Outside the land of the free, America's IT suppliers are admired more than America's political values. So why doesn't the American establishment promote American IT more?
US secretary of state Colin Powell has made Charlotte Beers under-secretary of state for public diplomacy and public affairs. She might better be named La Missionaria Impossible, as her job is nothing less than to rebrand America among Muslim 11-year-olds.
The Beers investiture confirms that, after 11 September, Western managers continue to prefer branding to the real benefits of information technology (IT). I was unable to attend the Senate committee on international relations that Ms Beers addressed some days back – but apparently she told them that the State Department’s website needs tweaking. Whatever position one takes on the role of IT in the re-presentation of America, this news does not reassure.
IT figures strongly in the world’s perceptions of Uncle Sam, but only weakly, I suspect, in the mindset of Ms Beers. Instead, debate on rebranding America has been posed as a Bush-style war without end to make the country’s noble ideals – freedom, democracy, tolerance – come alive once again. Failure to do this, it is alleged, will ensure that while the non-American world goes on being associated with culture that keeps largely local, America stays linked to a crass commercialism that is always global and in your face (1).
But if American shops, a little like GIs half a century ago, are now over-sold, over-sexed and over everywhere, American IT suppliers have much less to be ashamed about. Outside the land of the free, they are admired more than America’s reputedly illustrious political values. So why doesn’t the American establishment promote American IT more?
The answer is that it has lost a lot of confidence in IT. Business Week, once a big booster of the dotcoms, now charges that no new AOLs, Ciscos, IBMs, Intels, Microsofts or Oracles have emerged from the internet tumult: it would not name Amazon as a candidate for greatness (2).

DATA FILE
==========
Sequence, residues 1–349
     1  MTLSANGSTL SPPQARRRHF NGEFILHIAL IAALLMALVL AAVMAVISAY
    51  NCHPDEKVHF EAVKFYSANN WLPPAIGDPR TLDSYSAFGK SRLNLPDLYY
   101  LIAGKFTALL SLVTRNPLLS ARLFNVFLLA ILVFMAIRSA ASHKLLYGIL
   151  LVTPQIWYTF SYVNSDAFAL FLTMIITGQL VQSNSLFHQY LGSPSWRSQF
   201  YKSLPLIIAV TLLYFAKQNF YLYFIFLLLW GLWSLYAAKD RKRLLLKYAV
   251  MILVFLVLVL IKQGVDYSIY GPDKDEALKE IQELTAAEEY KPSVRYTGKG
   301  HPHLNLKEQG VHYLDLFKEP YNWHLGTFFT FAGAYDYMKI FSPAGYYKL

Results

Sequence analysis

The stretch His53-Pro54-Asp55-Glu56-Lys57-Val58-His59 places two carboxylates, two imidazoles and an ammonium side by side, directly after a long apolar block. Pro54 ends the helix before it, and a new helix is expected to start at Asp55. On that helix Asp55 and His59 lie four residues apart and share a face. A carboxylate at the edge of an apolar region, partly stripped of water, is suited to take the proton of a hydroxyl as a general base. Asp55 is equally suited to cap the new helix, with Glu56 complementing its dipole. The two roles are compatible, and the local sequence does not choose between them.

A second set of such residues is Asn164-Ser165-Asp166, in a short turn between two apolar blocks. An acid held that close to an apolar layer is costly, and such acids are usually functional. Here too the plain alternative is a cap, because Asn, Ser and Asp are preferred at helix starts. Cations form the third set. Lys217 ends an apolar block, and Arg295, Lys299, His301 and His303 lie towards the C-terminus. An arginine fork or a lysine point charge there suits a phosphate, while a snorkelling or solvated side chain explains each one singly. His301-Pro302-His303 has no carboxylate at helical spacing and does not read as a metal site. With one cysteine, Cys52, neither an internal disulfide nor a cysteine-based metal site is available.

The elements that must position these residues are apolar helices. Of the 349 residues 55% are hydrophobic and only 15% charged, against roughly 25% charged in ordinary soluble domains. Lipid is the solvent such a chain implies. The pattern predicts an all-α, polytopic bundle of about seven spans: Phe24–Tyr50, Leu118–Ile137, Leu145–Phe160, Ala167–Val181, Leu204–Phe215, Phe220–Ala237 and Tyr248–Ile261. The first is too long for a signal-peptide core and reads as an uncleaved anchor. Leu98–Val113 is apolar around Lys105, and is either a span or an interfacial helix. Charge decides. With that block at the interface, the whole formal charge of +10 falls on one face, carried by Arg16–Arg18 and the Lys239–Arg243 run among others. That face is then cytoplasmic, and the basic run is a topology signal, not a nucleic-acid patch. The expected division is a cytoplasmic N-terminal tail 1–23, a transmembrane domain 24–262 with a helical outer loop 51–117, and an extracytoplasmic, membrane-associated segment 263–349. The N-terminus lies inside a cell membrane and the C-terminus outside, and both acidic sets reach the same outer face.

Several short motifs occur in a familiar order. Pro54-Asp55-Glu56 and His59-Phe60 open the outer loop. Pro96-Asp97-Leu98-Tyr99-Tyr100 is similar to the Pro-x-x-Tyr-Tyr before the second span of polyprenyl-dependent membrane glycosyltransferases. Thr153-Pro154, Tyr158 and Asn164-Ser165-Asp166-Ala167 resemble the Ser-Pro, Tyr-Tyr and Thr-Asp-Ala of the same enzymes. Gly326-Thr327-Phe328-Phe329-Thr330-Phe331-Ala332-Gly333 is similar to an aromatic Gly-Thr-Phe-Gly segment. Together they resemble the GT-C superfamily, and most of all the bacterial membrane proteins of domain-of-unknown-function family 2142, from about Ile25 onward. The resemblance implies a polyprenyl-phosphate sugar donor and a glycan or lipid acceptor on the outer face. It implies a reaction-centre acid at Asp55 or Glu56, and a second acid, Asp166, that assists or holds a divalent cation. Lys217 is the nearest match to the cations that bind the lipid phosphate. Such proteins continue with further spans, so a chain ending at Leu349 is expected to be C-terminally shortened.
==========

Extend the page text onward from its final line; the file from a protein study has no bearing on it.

Meanwhile, McKinsey’s Global Institute has concluded that IT’s role in the US productivity miracle of 1995-2000 was, outside the IT sector itself, pretty negligible (3).
Myself, I’ve always argued that IT’s potential role in raising productivity is frequently squandered in the pursuit of cultish directions. But given that, not so long ago, McKinsey took equity stakes in its dotcom clients, its most recent verdict on IT is quite a turnaround.
The turnarounds are everywhere nowadays. There was a time that the Wall Street Journal enthused about IT so much that it wrote about little else. But just nine days after 11 September, the Journal’s IT guru Walter Mossberg denounced Windows XP as ‘tainted with self-promotion’. For him, the instant messaging, digital photography and Passport user authentication technology in Windows XP is ‘a sort of Trojan Horse’, an attempt ‘to trap users in a sort of Microsoft company store’.
In America, anti-trust nervousness about Bill Gates and his bundles is nothing new. But what is new is the orgy of self-doubt that attends America’s view of IT. In his distaste for the ‘company store’ aspects of Microsoft and XP, Mossberg echoes those myopic non-Americans who see imperialism in the consumer marketing of retail brands like McDonald’s.
As the man said, get hip, guys. Despite all the social deformations that have attended IT, its universalist dynamic is something that even Osama bin Laden appreciates. Recognising the merits of IT will not make rebranding George Bush’s crusade any easier. But it might just lighten the world’s gloom a little.
James Woudhuysen is professor of forecasting and innovation at De Montfort University, Leicester. He is coauthor of Why is Construction so Backward?, Wiley-Academy, 2004 (buy this book from Amazon (UK) or Amazon (USA))
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spiked-issues: After 11 September
(1) For a discussion along these lines, see Richard Tomkins, ‘Brand of the free’, Financial Times, 20 October 2001
(2) See ‘New netrepreneurs’, Business Week, 1 October 2001
(3) See Gerard Baker and Paul Abrahams, ‘IT’s role in US economic growth cast into doubt’, Financial Times, 16 October 2001
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